At the time of this writing, most of the country is tentatively beginning to open up. Although more and more people are slowly starting to venture out, things are nowhere near normal. Millions, however, are still living under “stay-at-home” restrictions, and only venturing out for essentials – which does not often include outdoor nature photography. It makes for very long days that seem to blur together. That gave me another idea on how to alter existing images. My past couple of articles have dealt with creative ways to pass the time if you’re unable (or unwilling) to spend too much time outside. Last month, I discussed ways to use texture to enhance your images. In this article, I’ll illustrate how the various blur filters in Photoshop can dramatically alter an image (including texture, as well).
Another month has come and gone, but unfortunately, things haven’t changed that much. Most of the country is now on full or partial lockdown. Each day tends to blend right into the other. There were many things I had planned to shoot this spring which will now, undoubtedly, have to wait until next year. But, that’s a small price to pay compared to the medical superheroes who are fighting on the front lines every day. With field work indefinitely postponed, I thought it best to remove the batteries from all my equipment to prevent corrosion. Nowadays, I spend most of my time working in Photoshop. In my last article, I touched on adding texture effects to old images. Since so many of us are still confined to our homes, I decided to expand on this technique as another way to take advantage of this unprecedented downtime.
It’s easy to get caught up in the big picture. Some photographers tend to focus solely on the main scene. They shoot one or two photos, then quickly move on to the next “great thing.” This can be very tempting – especially when you’re shooting in a new area and you have a limited amount of time. But, most likely, you will end up with a bunch of generic-looking images of many different places, but fail to capture the true essence of any single place.
A friend of mine once showed me a movie trailer on Youtube for a foreign-made film called “B-14.” It’s about rival drug gangs, featuring an assassin with superhuman powers. To say that the special effects are ridiculously over-the-top would be an extreme understatement! This movie wasn’t meant to be funny, but I laughed more during this 1-minute trailer than I have during some 2-hour actual comedies. It seemed as though the producers just discovered special effects the night before and were determined to use all of them in this film – no matter how poorly executed, or whether the scene called for them or not.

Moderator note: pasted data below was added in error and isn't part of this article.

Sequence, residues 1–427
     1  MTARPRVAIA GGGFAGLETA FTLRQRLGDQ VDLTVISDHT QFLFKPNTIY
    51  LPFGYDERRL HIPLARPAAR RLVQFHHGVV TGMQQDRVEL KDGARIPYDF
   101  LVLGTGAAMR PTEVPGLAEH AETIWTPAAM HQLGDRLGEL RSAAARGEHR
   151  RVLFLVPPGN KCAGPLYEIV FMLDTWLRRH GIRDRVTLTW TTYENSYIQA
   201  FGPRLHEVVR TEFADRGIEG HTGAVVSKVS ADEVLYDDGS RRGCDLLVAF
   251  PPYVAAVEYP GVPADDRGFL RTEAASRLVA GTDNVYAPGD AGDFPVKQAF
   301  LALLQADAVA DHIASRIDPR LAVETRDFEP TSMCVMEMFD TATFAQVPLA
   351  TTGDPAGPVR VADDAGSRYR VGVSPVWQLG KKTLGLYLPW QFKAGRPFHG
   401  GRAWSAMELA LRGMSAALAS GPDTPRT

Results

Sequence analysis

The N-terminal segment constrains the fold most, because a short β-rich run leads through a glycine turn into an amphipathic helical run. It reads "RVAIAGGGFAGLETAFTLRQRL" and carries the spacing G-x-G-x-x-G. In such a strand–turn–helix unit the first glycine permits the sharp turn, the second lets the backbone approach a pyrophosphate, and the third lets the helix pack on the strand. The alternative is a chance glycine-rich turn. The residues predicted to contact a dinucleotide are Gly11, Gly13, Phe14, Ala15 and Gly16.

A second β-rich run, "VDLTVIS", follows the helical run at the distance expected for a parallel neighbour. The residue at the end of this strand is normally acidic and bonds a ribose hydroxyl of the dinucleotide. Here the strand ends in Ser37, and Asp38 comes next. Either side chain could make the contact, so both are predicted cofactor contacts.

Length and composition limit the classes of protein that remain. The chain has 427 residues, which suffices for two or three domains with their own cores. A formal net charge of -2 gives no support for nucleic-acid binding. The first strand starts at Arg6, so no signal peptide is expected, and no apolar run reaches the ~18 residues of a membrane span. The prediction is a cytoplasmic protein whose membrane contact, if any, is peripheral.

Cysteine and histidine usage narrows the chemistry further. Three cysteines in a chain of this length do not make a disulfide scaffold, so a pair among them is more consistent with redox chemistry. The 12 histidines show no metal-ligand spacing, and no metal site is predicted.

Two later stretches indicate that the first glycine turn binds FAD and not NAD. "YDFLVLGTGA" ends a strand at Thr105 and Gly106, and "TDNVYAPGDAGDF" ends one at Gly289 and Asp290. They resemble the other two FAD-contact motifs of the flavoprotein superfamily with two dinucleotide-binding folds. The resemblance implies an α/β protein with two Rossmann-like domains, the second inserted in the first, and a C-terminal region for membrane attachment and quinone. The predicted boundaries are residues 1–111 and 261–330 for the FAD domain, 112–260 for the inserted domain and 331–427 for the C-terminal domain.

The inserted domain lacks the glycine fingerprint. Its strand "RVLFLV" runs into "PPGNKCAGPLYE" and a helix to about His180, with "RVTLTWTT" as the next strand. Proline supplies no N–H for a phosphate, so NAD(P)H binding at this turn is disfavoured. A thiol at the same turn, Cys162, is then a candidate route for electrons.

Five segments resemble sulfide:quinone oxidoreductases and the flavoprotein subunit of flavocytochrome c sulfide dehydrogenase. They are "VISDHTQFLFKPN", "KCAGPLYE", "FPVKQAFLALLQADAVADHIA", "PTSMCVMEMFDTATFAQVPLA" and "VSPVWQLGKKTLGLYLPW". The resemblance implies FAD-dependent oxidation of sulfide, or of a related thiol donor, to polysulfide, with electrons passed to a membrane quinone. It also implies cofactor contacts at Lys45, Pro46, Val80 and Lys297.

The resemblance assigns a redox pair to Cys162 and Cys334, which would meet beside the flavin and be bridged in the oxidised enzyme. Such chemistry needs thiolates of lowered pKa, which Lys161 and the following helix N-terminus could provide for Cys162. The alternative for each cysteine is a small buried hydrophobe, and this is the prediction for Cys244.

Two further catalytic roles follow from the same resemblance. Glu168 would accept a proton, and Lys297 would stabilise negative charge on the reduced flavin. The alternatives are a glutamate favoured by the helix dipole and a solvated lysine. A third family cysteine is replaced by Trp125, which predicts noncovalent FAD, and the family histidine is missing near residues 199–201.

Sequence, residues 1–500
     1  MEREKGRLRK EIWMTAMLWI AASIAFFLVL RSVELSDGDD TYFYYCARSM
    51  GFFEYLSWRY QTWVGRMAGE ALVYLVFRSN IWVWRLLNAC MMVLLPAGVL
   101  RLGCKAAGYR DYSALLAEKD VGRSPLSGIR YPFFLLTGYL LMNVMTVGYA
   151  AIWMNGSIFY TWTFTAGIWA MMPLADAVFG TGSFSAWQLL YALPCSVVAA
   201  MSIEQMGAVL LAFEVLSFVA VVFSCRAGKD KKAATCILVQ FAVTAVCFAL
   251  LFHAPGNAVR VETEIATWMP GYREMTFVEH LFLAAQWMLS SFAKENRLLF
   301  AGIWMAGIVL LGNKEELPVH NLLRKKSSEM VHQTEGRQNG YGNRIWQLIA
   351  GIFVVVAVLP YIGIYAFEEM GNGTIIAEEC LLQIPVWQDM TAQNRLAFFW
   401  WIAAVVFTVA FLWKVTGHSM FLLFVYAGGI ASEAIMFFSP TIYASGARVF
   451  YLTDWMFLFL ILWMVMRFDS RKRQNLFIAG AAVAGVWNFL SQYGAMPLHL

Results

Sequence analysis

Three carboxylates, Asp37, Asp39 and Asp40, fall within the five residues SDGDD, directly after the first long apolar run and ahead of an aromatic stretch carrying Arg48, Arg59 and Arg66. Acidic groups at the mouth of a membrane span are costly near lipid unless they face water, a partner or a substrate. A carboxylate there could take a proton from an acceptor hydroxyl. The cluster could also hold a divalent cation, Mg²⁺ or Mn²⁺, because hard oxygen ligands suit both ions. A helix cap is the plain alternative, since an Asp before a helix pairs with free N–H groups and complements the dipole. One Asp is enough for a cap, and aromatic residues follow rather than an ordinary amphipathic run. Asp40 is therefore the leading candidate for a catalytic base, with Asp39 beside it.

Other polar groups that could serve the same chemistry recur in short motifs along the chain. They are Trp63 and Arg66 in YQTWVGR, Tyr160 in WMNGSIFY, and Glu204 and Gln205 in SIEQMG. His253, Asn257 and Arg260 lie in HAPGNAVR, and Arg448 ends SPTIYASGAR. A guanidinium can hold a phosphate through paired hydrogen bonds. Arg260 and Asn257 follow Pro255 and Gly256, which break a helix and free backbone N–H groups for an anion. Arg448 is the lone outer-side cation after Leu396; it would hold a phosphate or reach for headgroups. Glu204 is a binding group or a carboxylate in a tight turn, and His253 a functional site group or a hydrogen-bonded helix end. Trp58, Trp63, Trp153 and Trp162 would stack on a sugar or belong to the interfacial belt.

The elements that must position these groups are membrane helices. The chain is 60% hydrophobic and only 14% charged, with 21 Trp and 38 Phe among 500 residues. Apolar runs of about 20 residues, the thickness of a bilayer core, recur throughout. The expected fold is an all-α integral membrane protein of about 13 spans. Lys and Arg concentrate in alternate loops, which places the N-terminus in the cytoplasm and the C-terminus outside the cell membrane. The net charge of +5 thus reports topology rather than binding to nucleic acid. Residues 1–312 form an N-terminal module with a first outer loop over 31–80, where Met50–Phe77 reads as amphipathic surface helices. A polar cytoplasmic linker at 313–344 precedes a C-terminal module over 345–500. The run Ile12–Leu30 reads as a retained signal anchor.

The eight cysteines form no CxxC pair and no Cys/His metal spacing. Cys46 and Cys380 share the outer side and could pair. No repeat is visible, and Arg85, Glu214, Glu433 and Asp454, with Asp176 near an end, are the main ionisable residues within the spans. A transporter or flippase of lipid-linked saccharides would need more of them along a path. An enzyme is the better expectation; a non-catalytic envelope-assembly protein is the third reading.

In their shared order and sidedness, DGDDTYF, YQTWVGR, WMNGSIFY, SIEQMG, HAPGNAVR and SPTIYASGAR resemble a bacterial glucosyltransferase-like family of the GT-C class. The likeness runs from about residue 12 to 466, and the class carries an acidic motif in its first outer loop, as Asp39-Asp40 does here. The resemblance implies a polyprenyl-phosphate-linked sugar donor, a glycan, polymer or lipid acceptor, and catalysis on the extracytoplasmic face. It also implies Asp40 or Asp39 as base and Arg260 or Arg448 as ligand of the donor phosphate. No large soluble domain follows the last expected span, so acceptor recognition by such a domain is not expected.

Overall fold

Personally, I think special effects work best when they enhance existing attributes within a photo. If you can discern a distinctive pattern within a subject’s color or shape, or the overall composition of the scene, chances are there’s an effect that will accentuate it.
Winter – nature’s bleakest season. Or is it? It seems so, considering the scarcity of photographers in the field at this time of year. Where you would normally have to fight for the best position, you will undoubtedly now have the entire place all to yourself. In addition, you don’t have to worry too much about anyone wandering into your shot. Yes, winter doesn’t get much love when it comes to photography. Perhaps, it’s the inconvenience of dealing with frigid temperatures, and all the precautions needed to properly protect yourself and your equipment. Or, perhaps it’s the belief that there just isn’t anything worthwhile to shoot. Let’s face it, outside of a majestic, winter wonderland captured at the break of dawn or late in the day, most winter scenes are pretty bland. The fact that winter follows autumn – the most colorful of all seasons – you might feel as though you’re now shooting in black and white. But that doesn’t mean there’s absolutely no color to be found at all. It’s just a matter of knowing where to look and employing a few simple techniques.